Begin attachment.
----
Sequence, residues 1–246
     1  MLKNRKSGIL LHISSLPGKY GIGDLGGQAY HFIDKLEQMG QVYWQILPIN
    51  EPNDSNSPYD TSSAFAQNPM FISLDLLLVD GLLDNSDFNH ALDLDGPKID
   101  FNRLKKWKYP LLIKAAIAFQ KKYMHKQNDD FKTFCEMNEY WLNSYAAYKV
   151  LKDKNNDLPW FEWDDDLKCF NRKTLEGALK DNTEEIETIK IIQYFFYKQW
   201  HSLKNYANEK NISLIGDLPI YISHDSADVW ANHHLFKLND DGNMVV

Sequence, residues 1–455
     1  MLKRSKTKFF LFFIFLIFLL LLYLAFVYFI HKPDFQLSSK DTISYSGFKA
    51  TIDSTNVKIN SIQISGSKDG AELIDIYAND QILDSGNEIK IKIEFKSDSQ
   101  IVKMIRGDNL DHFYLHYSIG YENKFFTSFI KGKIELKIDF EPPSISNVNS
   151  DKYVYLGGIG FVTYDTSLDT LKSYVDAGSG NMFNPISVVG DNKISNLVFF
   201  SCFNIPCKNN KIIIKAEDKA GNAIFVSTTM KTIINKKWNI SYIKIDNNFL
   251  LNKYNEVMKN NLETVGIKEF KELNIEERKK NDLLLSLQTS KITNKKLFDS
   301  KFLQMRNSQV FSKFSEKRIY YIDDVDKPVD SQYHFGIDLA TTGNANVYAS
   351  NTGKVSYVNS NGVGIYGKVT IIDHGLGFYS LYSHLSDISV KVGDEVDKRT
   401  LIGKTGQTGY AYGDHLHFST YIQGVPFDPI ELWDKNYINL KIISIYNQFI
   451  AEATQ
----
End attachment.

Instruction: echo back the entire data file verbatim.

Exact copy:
Sequence, residues 1–246
     1  MLKNRKSGIL LHISSLPGKY GIGDLGGQAY HFIDKLEQMG QVYWQILPIN
    51  EPNDSNSPYD TSSAFAQNPM FISLDLLLVD GLLDNSDFNH ALDLDGPKID
   101  FNRLKKWKYP LLIKAAIAFQ KKYMHKQNDD FKTFCEMNEY WLNSYAAYKV
   151  LKDKNNDLPW FEWDDDLKCF NRKTLEGALK DNTEEIETIK IIQYFFYKQW
   201  HSLKNYANEK NISLIGDLPI YISHDSADVW ANHHLFKLND DGNMVV

Sequence, residues 1–455
     1  MLKRSKTKFF LFFIFLIFLL LLYLAFVYFI HKPDFQLSSK DTISYSGFKA
    51  TIDSTNVKIN SIQISGSKDG AELIDIYAND QILDSGNEIK IKIEFKSDSQ
   101  IVKMIRGDNL DHFYLHYSIG YENKFFTSFI KGKIELKIDF EPPSISNVNS
   151  DKYVYLGGIG FVTYDTSLDT LKSYVDAGSG NMFNPISVVG DNKISNLVFF
   201  SCFNIPCKNN KIIIKAEDKA GNAIFVSTTM KTIINKKWNI SYIKIDNNFL
   251  LNKYNEVMKN NLETVGIKEF KELNIEERKK NDLLLSLQTS KITNKKLFDS
   301  KFLQMRNSQV FSKFSEKRIY YIDDVDKPVD SQYHFGIDLA TTGNANVYAS
   351  NTGKVSYVNS NGVGIYGKVT IIDHGLGFYS LYSHLSDISV KVGDEVDKRT
   401  LIGKTGQTGY AYGDHLHFST YIQGVPFDPI ELWDKNYINL KIISIYNQFI
   451  AEATQ